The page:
Spare a thought for Judge Dennis Davis, head of the committee that was tasked with a comprehensive review of South Africa’s tax system.
After almost five years, his committee announced in April that it was concluding its work. Two weeks later, finance minister Nhlanhla Nene appointed an independent panel of experts under its supervision to review the list of 19 VAT zero-rated items.
Davis has had to come to terms with a lot of changes over five years, not least of which a tumultuous political backdrop and musical chairs at National Treasury.
More importantly however, has been the seesawing of economic growth figures. At the time of the committee’s appointment in 2013, real GDP growth – although not shooting the lights out – was still north of 2%. By 2016 it had deteriorated to a mere 0.3%. In an interview towards the end of 2016, Davis admitted that the deterioration in the economic backdrop had created “serious challenges”.
While the committee’s mandate (“to inquire into the role of the tax system in the promotion of inclusive economic growth, employment creation, development and fiscal sustainability”) is academic in nature, the implementation of its recommendations has often been a tug of war between idealistic plans and an immediate need to balance the books. Not to mention the background (foreground?) noises from politicians campaigning ahead of the next election. And then there is the ongoing challenge to strike a balance between the growing tax burden of a relatively small number of taxpayers and the significant needs of poor and unemployed South Africans. It is also against this background that the committee investigated the feasibility of a wealth tax.
Amid pushback against the VAT increase, Treasury has been at pains to emphasise that the hike is the best course of action to get the fiscal situation back on track, which would be beneficial to the economy and the poor in the long run. Effectively, Treasury’s choice was simple: increase the VAT rate or risk full-blown junk status.
Such was the pressure that even though this was a politically unpopular move, the hike was implemented, even before the committee presented its final VAT report to the minister in March. Considering that a one percentage point increase in VAT was arguably the most effective way to raise significant amounts of revenue, this option should ideally have been left on the table to fund large projects such as the National Health Insurance or free tertiary education, but Treasury was caught between a rock and a hard place.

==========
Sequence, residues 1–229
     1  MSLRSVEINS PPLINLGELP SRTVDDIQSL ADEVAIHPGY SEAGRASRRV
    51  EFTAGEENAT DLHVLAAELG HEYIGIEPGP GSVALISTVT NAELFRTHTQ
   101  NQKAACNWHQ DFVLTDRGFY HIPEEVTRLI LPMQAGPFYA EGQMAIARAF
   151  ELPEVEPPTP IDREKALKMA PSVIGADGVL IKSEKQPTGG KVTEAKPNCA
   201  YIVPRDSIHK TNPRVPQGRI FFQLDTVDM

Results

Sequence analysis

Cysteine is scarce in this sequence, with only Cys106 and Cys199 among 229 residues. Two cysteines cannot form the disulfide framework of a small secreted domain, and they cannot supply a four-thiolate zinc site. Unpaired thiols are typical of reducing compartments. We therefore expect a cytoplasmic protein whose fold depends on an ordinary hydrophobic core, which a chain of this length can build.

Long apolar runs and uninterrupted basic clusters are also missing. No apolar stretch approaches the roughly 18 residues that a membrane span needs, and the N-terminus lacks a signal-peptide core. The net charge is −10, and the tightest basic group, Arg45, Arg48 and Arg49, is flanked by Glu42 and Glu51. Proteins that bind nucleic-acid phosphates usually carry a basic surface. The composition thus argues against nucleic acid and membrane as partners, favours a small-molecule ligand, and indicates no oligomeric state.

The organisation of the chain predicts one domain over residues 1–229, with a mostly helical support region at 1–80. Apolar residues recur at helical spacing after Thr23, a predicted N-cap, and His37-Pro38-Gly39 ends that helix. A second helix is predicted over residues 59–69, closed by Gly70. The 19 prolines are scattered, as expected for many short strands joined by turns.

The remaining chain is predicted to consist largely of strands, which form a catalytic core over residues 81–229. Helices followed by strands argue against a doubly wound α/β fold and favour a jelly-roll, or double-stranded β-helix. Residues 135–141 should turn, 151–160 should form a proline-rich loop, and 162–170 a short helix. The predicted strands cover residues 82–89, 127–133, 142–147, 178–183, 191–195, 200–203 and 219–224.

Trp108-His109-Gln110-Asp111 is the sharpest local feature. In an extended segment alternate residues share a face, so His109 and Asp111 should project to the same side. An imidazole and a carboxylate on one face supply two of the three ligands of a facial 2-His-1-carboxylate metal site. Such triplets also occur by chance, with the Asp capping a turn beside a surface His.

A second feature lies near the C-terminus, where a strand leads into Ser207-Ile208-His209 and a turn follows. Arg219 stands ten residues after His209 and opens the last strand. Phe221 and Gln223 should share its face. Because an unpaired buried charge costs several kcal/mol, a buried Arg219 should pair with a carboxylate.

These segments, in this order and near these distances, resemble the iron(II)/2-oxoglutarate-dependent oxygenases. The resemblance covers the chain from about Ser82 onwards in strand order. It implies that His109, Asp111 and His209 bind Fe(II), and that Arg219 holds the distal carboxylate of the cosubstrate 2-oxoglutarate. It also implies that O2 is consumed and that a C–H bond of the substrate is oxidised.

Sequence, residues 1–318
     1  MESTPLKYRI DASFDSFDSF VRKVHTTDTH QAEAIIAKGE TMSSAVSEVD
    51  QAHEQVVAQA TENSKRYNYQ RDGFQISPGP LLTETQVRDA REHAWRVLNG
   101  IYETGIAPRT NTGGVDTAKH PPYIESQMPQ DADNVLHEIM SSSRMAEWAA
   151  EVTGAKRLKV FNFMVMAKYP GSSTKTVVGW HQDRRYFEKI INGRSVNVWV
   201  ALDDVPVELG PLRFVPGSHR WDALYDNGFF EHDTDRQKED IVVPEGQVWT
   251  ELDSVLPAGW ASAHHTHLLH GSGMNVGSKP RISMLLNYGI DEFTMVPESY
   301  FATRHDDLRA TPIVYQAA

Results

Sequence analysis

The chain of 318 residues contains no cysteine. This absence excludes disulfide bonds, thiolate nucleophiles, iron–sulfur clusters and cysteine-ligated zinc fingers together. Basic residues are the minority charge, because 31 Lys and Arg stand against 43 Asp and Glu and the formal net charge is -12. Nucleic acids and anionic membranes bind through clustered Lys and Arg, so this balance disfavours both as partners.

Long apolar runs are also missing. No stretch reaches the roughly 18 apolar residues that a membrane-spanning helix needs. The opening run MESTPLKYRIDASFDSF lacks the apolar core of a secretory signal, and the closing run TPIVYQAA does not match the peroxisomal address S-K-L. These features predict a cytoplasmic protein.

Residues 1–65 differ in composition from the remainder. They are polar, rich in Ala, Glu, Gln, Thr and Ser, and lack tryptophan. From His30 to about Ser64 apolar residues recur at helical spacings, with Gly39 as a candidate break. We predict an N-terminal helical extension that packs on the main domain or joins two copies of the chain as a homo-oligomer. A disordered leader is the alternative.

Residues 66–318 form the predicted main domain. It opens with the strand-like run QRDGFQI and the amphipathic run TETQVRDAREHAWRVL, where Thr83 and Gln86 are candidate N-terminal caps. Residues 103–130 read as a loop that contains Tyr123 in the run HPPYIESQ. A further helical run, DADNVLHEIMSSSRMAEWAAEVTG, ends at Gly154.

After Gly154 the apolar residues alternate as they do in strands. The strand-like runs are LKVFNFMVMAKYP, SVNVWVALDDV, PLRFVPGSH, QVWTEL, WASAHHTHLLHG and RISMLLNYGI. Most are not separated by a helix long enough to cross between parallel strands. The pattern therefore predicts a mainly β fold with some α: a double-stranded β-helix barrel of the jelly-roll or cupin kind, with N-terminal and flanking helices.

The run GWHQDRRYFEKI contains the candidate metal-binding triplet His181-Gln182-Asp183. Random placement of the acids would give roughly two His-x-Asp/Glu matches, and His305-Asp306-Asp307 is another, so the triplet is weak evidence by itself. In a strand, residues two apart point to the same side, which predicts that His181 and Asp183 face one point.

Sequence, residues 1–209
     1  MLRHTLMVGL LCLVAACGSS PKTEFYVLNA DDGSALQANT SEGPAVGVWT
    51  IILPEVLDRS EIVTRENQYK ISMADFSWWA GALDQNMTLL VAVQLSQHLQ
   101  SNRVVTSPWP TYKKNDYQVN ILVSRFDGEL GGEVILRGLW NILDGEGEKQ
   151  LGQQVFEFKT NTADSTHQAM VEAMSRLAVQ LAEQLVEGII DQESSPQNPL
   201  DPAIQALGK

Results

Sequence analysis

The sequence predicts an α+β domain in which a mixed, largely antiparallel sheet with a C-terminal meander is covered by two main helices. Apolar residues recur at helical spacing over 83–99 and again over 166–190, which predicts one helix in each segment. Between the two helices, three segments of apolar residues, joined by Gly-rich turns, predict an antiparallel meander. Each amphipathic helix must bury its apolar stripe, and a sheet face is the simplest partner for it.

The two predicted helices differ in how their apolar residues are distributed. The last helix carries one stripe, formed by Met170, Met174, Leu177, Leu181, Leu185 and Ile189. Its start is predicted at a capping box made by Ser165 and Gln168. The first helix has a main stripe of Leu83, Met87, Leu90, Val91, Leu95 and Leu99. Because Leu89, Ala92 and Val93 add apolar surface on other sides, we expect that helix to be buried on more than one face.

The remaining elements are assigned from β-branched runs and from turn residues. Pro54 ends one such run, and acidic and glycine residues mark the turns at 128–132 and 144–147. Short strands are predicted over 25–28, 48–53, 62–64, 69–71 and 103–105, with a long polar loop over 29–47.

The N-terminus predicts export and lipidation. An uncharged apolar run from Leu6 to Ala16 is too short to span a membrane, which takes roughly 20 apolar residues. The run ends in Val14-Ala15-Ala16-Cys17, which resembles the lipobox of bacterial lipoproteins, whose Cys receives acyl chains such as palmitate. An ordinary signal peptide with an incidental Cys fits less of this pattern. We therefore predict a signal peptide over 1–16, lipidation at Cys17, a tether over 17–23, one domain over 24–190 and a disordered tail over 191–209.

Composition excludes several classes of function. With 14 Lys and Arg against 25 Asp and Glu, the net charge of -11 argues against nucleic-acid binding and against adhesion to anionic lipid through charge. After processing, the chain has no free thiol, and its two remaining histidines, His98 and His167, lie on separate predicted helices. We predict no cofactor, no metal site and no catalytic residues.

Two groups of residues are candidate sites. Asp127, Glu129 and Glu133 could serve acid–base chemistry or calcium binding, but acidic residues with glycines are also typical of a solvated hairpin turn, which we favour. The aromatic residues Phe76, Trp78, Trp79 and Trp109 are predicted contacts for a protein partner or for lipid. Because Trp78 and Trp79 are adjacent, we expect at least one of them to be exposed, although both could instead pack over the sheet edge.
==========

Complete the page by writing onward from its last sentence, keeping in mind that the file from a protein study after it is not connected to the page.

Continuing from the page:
In its final VAT report, the committee noted that it was not convinced the current zero-rating of certain items was the best way to provide targeted relief to poor households, but conceded that it would be difficult to scrap it entirely.
“At best, it may be appropriate to consider only retaining those items that more clearly benefit the poor households, such as maize meal, brown bread, rice and vegetables, while withdrawing those items more clearly consumed by the more affluent households, such as fruit and milk. The strong recommendation of the committee is, however, that no further zero-rated food items should be considered,” it said.
Against the background of this recommendation, and National Treasury’s expectation that the independent panel should review zero-rated items within the confines of the current fiscal framework (suggesting that any further spending would have to be reallocated from existing budgets) the panel doesn’t have much wiggle room. Moreover, it only has a few weeks to complete its work.
Chris Axelson, director for personal income taxes and saving at National Treasury, previously warned that the effectiveness of the VAT regime would be undermined if there were too many zero-rated products as it would reduce revenues. It could also potentially create a situation where the VAT rate had to rise even further.
“It creates difficulties in the system when you have more and more zero-rated items.”
Yet, Treasury recognised that poor households were negatively impacted and that an independent panel should look at the zero-rating.
But despite the on-going work of the Davis Tax Committee, it has become prudent to ask how government will remain within the confines of the projected expenditure set in the budget, particularly as economic growth remains weak while public sector unions are demanding above-inflation increases. While one should expect trade-offs between the committee’s recommendations and what is eventually implemented, it is no use to craft careful plans on the revenue side, if expenditure is not contained.
This is particularly important against the background of a deterioration in tax compliance and concerns about tax morality. As one financial planner recently said: Most South Africans will come to accept a higher tax burden if corruption and wastage are addressed and service delivery improves.
As political infighting persists inside the country’s largest political parties ahead of a national election in 2019 the question has to be asked: What can you reasonably offer your constituency if you don’t have the money to pay for it?
In the words of Republican politician Stephen Bloom: “Economics is to politics as gravity is to jumping”.